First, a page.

PITTSFIELD -- Local students had plenty of energy Thursday night -- kinetic energy, mostly. Some even had elastic energy.
Almost 60 high school students hailing from Pittsfield to New Lebanon, N.Y., participated in this year's General Dynamics High School Engineering Competition, an annual event that uses creative, team-based challenges to engage and introduce young people to the engineering field.
Each year's competition requires a new challenge for the team to complete. This year, 14 teams had to design and build a contraption that putted a golf ball autonomously, meaning it had to putt it on its own -- without a human touching the ball.
Apparently, the challenge was an ace in the hole for the young engineers and their designs, because the conditions of the competition were changed a few times since the teams' performances exceeded the volunteers expectations.
"They've been very impressive," said Liz Bocchino, a systems engineer at General Dynamics and member of the Engineering Leadership Program. "They've been at a much higher level than I ever got to in high school."
Most of the putting devices used a pendulum design. The teams would hold a pendulum up at varying degrees, holding it in place with something like a metal rod, then release the pendulum, turning that potential energy into kinetic energy, and sending the golf ball where the team wanted it to go.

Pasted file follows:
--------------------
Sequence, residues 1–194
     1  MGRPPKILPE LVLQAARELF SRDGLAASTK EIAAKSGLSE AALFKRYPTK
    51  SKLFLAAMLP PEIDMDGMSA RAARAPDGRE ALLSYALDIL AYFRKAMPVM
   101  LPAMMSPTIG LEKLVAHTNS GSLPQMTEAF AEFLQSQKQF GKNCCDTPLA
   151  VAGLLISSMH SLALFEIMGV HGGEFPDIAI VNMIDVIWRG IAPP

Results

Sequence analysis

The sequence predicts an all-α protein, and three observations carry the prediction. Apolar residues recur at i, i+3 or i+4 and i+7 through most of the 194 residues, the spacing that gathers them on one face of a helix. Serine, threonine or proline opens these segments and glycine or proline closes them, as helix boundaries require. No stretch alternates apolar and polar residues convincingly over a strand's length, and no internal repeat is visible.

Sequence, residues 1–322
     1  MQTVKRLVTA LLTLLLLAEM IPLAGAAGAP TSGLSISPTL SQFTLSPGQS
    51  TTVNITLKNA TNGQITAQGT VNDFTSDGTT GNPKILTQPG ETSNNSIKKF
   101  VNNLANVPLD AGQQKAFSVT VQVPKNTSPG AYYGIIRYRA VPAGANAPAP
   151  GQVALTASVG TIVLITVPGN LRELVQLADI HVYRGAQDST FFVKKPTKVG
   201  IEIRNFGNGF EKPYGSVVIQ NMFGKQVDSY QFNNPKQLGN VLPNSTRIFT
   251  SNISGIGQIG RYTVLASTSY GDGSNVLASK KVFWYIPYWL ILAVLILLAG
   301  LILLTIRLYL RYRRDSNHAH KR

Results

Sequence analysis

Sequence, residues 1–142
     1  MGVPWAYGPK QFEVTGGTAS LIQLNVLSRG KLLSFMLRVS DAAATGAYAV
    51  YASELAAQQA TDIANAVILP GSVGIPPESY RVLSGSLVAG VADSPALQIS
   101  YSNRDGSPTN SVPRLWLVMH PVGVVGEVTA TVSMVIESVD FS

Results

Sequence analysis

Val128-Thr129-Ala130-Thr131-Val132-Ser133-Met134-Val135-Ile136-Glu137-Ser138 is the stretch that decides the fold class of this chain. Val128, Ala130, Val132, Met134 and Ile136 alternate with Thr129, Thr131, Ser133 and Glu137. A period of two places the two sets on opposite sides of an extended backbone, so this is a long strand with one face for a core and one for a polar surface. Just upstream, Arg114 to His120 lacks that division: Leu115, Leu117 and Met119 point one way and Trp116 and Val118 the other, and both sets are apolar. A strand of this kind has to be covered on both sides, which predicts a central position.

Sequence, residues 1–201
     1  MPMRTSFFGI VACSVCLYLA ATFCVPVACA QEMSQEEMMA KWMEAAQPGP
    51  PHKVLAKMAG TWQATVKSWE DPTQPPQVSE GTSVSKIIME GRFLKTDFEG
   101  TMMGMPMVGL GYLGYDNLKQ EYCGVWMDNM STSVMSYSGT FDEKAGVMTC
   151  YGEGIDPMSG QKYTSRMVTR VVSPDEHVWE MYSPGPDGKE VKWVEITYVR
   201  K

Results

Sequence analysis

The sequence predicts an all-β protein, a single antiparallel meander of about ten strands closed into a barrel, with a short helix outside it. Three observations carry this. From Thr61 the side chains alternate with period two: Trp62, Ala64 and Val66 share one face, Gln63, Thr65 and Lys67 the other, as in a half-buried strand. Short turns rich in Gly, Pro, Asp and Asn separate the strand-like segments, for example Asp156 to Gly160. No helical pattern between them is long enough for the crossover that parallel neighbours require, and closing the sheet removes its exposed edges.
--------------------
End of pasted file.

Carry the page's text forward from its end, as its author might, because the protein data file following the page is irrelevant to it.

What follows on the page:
"Different degrees allows for different powers," said Lenox High School senior
Conlon's three-person team, Team Golf, showed off their pendulum-style contraption called the Unilateral Phase Detractor. To better aim their golf balls, the team placed a laser pointer on the contraption. Several other teams used a laser-pointer precision system, too.
"We didn't put any regulations on what they could and couldn't use," Bocchino said. "We encouraged scavenging. Engineers need to learn to use what they
A team of seniors from New Lebanon High School didn't purchase anything for their project, team member Aaron Stall said. They implemented surgical bands to hold their pendulum back, giving the device elastic energy.
"We learned a lot of things we haven't covered in class yet, like inertia and rotational energy," said team member Tristan Southard. "It was a lesson in its own learning about engineering and energy."
The competition was split up into two preliminary rounds: Half of the teams would have tri-fold boards they made about the project judged by volunteers, while the other teams would putt golf balls down makeshift runways to gain points during three accuracy rounds. The more points earned, the more extra balls the team would earn during the final round.
Bocchino, who oversaw the event, had to up the ante because the teams scored so well.
In three final free-for-all rounds, the teams sat around a large bulls-eye to putt golf balls into the center to earn 100 points. Both teams from Lenox High School took first and second place. Students Sarah Warren, Noah Tebben and Nick Reynolds won first place with their spring-loaded putting contraption.
"This shows that science can be fun, and it's OK to pursue a career in that field," Bocchino said.